Bankr. L. Rep. P 74,777in the Matter of Loyal Cheese Company, Inc., Debtor.lawrence J. Kaiser, Trustee of Loyal Cheese Company, Inc.,plaintiff-appellant, v. Wood County National Bank and Trust Company, Defendant-appellee, 969 F.2d 515 (7th Cir. 1992)Annotate this Case
Jeffrey W. Guettinger (argued), Herrick, Hart, Duchemin & Danielson, Peter Herrell, Wiley, Wahl, Colbert, Norseng, Cray & Harrell, Eau Claire, Wis., for plaintiff-appellant.
Jeffrey Huttenburg (argued), Richard D. Weymouth, Nash, Podvin, Tuchscherer, Huttenburg, Weymouth & Kryshak, Wisconsin Rapids, Wis., for defendant-appellee.
Before CUDAHY, POSNER and EASTERBROOK, Circuit Judges.
CUDAHY, Circuit Judge.
Lawrence J. Kaiser, the bankruptcy trustee (the Trustee) of the Loyal Cheese Company, Inc. (Loyal), brought this action against Wood County National Bank and Trust Company (the Bank) seeking to avoid certain transfers from Loyal to the Bank, as well as a loan Loyal made to Kickapoo Valley Cheese Corporation (KVCC), a related company. The Trustee alleged that these transactions constituted fraudulent conveyances under either the Bankruptcy Code1 or the Wisconsin Fraudulent Conveyance Act (Wisconsin Act).2 After two days of testimony, the bankruptcy court dismissed the claims. The district court affirmed and the Trustee appeals. We affirm.
On April 25, 1986, Loyal and the Bank entered into an agreement (the Loan Agreement) under which Loyal restructured its existing debt with the Bank and received a new loan of $500,000. The new loan doubled Loyal's weekly payments to the Bank, to $4,500 per week. In addition, pursuant to the Loan Agreement, Loyal loaned $174,000 of the proceeds to KVCC. The KVCC loan was subordinated to Loyal's loan from the Bank. KVCC never made any payments on the loan.
In August of 1987, Loyal refinanced the April 25 loan. Loyal obtained an additional $100,000 and executed a new business note (the August Note) in the amount of $347,688.14 (the remaining principal on the April 25 loan plus the new funds). Loyal kept current on its note to the Bank until it closed down in December of 1988. On December 12, 1988, Loyal authorized the Bank to take the sum of $189,641.20 out of Loyal's regular operating account to reduce the outstanding balance on the August Note. On March 17, 1989, Loyal filed for bankruptcy protection.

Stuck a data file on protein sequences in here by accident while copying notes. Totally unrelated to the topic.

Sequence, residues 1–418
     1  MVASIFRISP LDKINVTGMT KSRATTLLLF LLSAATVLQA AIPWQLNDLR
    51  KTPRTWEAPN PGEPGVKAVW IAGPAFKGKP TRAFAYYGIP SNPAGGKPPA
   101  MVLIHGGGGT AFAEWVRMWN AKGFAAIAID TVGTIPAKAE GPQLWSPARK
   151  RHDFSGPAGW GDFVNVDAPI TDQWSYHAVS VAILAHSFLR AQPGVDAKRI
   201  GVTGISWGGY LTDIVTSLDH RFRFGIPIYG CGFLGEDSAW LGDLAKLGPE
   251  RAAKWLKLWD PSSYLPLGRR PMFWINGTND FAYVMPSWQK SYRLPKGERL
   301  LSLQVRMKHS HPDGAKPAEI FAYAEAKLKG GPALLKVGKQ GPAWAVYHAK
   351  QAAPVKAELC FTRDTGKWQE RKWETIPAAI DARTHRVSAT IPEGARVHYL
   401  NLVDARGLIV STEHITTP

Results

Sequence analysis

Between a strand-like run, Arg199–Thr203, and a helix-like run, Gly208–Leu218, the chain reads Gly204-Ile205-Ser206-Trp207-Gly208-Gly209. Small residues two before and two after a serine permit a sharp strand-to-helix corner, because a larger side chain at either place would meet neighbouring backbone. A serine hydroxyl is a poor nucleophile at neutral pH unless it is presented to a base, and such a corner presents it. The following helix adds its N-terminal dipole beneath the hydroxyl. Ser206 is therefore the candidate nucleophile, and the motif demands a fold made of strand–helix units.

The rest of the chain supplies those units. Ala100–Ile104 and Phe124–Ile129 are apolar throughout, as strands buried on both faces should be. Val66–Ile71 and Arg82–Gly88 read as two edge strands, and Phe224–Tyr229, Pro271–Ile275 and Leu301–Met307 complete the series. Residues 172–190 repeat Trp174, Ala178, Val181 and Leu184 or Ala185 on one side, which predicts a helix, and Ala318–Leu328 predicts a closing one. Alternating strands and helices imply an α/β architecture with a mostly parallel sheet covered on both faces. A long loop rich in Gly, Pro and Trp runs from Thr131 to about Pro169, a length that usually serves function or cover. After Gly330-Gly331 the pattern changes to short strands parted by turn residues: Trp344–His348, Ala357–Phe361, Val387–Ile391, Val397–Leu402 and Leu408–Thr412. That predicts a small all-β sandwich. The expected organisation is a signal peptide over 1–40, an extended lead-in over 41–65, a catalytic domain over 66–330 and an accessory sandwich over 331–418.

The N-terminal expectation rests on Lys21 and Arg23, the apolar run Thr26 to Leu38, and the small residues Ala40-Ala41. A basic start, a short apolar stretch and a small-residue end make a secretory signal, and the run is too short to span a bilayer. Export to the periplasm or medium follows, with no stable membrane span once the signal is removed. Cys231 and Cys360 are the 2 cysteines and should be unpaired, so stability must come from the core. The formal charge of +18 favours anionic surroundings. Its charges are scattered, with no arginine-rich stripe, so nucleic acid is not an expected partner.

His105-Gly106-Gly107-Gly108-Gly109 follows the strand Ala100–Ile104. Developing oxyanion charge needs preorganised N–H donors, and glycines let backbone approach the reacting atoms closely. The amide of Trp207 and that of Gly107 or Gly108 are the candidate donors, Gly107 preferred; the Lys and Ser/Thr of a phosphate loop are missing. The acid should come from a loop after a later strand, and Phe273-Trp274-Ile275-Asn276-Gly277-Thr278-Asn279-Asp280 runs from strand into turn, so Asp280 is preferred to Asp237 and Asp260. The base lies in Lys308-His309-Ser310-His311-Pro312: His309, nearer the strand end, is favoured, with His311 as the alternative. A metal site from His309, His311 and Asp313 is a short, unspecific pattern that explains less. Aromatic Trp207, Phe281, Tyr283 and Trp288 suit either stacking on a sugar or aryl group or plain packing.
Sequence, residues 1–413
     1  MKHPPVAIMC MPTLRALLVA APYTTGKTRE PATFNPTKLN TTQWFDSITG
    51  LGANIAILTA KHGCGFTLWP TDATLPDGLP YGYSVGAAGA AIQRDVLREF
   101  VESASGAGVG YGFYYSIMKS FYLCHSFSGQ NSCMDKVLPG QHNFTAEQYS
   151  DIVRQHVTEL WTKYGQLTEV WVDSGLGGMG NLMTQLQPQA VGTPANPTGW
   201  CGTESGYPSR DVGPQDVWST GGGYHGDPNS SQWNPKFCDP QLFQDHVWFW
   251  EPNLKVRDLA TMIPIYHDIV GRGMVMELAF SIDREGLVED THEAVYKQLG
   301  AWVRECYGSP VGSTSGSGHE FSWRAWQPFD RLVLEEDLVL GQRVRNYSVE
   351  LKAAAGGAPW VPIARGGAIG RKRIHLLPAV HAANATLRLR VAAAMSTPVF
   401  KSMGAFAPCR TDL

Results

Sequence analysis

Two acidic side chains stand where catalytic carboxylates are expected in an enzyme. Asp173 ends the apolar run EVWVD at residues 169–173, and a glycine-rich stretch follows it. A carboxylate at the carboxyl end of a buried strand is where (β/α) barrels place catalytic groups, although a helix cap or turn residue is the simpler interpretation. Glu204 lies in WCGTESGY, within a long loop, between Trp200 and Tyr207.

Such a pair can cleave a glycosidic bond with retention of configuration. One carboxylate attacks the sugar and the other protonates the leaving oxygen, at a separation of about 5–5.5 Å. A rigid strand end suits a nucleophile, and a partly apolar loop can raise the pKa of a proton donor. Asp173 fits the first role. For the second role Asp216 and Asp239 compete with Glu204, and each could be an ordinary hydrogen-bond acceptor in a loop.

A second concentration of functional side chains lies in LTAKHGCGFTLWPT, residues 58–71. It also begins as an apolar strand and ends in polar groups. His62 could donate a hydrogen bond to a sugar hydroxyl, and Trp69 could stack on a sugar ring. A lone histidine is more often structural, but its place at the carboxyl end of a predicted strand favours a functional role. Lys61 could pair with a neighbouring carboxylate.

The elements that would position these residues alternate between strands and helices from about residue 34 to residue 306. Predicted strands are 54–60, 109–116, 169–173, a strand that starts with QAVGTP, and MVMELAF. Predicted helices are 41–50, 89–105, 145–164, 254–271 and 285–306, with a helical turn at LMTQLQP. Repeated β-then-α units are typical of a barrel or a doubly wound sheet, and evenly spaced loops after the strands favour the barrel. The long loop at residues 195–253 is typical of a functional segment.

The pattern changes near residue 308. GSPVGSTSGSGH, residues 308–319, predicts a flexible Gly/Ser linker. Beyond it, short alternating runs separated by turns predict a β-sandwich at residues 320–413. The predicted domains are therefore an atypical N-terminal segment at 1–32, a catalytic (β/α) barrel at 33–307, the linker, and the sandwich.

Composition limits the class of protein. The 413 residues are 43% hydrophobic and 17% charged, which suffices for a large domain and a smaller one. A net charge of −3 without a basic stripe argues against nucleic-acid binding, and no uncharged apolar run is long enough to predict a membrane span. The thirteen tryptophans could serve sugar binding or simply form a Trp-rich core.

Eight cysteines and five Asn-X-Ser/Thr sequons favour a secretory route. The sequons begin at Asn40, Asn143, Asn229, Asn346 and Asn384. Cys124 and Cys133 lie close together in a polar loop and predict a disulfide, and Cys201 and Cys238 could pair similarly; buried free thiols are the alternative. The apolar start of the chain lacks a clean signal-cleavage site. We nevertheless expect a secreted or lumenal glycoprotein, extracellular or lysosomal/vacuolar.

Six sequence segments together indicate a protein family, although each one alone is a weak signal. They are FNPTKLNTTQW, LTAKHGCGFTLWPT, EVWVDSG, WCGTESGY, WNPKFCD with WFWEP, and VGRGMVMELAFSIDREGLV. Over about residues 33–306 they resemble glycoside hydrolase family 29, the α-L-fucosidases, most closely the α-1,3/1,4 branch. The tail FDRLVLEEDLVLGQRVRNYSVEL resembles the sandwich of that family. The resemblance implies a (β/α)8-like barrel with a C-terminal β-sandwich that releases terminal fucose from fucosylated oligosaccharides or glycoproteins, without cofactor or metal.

The Trustee for Loyal sought to avoid the loan to KVCC, the $189,000 payment made to the Bank in December of 1988 and "all payments made by the debtor to the bank." Trustee's Memorandum at 5 (Dec. 7, 1990). The bankruptcy court found the last of these claims too vague to be ruled on and dismissed it for lack of specificity. As for the KVCC loan and the $189,000 payment, the court found that the Trustee had failed to meet his burden of proof under either the Bankruptcy Code or the Wisconsin Act. The district court affirmed.
In reviewing the decisions of the bankruptcy and district courts, "we must accept findings of fact unless they are clearly erroneous." In re Longardner & Associates, Inc., 855 F.2d 455, 459 (7th Cir. 1988). We review conclusions of law, however, de novo. Id.
The Trustee argues that all of the payments made by Loyal to the Bank pursuant to the Loan Agreement during the year immediately preceding Loyal's filing for bankruptcy are voidable under 11 U.S.C. § 548(a) (2). That provision states, in part:
The trustee may avoid any transfer of an interest of the debtor in property, or any obligation incurred by the debtor, that was made or incurred on or within one year before the date of the filing of the petition, if the debtor voluntarily or involuntarily--